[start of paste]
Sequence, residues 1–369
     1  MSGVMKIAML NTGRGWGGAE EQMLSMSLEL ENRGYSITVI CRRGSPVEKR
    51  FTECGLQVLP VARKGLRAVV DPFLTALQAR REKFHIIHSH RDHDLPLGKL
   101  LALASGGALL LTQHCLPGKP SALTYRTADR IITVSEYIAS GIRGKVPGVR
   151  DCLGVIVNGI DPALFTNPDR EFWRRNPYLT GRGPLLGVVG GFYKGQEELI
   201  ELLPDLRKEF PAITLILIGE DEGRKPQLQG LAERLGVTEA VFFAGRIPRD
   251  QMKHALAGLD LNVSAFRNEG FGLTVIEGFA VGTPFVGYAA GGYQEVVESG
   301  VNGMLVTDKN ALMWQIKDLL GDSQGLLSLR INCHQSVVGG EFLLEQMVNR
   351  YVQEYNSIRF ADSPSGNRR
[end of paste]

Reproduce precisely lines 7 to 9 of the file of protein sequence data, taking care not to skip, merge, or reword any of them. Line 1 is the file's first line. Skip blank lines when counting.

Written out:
   251  QMKHALAGLD LNVSAFRNEG FGLTVIEGFA VGTPFVGYAA GGYQEVVESG
   301  VNGMLVTDKN ALMWQIKDLL GDSQGLLSLR INCHQSVVGG EFLLEQMVNR
   351  YVQEYNSIRF ADSPSGNRR